Fake Walmart press release briefly boosts litecoin cryptocurrency by 30 percent

One of the concerns about cryptocurrencies is the easy ways people can influence the price.
One of the concerns about cryptocurrencies is the easy ways people can influence the price. Photo credit: Getty Images

A phoney press release from retail giant Walmart indicating it would accept litecoin payments caused the cryptocurrency to spike in value by over 30 percent on Tuesday (NZ time).

The press release was put out on newswire distribution network GlobeNewswire, which later removed the original release and issued a notice to "disregard" it.

After the initial hype died down, the price dropped from a high of US$230 a coin to around US$180, up just under four percent from where it had been trading previously.

Whether the fake release was intended as a prank or a more malicious pump and dump-type scam, anyone who had litecoin investments briefly had the opportunity to make a significant profit.

While digital, decentralised cryptocurrencies do have some benefits over traditional fiat currencies - like almost immediate cross-border transactions - the ability to influence the price has been a cause for concern.

Infamous hacking group Anonymous took aim at Tesla founder Elon Musk with a video in June after negative tweets from the billionaire about bitcoin appeared to influence the price.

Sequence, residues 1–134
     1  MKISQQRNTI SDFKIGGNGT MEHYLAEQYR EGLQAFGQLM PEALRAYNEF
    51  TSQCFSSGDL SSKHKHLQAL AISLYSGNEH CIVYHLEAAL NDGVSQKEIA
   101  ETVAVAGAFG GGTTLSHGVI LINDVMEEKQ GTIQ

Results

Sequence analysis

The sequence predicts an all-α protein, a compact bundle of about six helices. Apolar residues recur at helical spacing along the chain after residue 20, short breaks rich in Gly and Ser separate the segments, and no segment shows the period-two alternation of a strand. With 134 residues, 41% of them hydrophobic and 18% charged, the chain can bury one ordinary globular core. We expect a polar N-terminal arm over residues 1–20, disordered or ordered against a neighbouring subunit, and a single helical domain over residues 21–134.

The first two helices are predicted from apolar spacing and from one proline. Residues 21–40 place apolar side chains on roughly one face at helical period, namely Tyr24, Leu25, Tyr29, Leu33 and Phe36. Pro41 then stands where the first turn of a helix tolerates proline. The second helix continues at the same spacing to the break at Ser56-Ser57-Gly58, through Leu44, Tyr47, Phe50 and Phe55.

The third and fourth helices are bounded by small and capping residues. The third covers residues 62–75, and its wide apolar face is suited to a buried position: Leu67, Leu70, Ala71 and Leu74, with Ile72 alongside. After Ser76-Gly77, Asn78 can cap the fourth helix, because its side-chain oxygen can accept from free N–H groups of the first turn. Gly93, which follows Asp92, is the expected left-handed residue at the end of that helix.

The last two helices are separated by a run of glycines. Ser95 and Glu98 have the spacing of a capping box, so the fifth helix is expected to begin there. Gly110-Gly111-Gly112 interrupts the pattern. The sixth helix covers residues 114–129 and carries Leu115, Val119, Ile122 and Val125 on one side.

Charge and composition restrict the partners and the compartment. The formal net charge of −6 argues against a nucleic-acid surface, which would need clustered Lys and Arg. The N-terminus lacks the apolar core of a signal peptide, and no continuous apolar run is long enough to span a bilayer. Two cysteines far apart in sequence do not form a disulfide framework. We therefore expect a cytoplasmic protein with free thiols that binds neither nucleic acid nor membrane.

Tesla had previously bought US$1.5 billion worth of the cryptocurrency and Musk had announced the company would accept it as a means of payment, causing the price to spike.

However he later backtracked, citing concerns over the environmental impact of the cryptocurrency - which caused a drop in value.

He also publicly supported dogecoin, a meme-based alternative to bitcoin, causing its price to spike by 20 percent.

In the video, a person wearing a Guy Fawkes mask and with a digitally-altered voice calls Musk "nothing more than another narcissistic rich dude who is desperate for attention".

Walmart has asked GlobeNewswire how today's release was distributed in the first place, a spokesperson for the company told CNBC.

"We will work with the appropriate authorities to request - and facilitate - a full investigation, including into any criminal activity associated with this matter," GlobeNewswire said in a statement.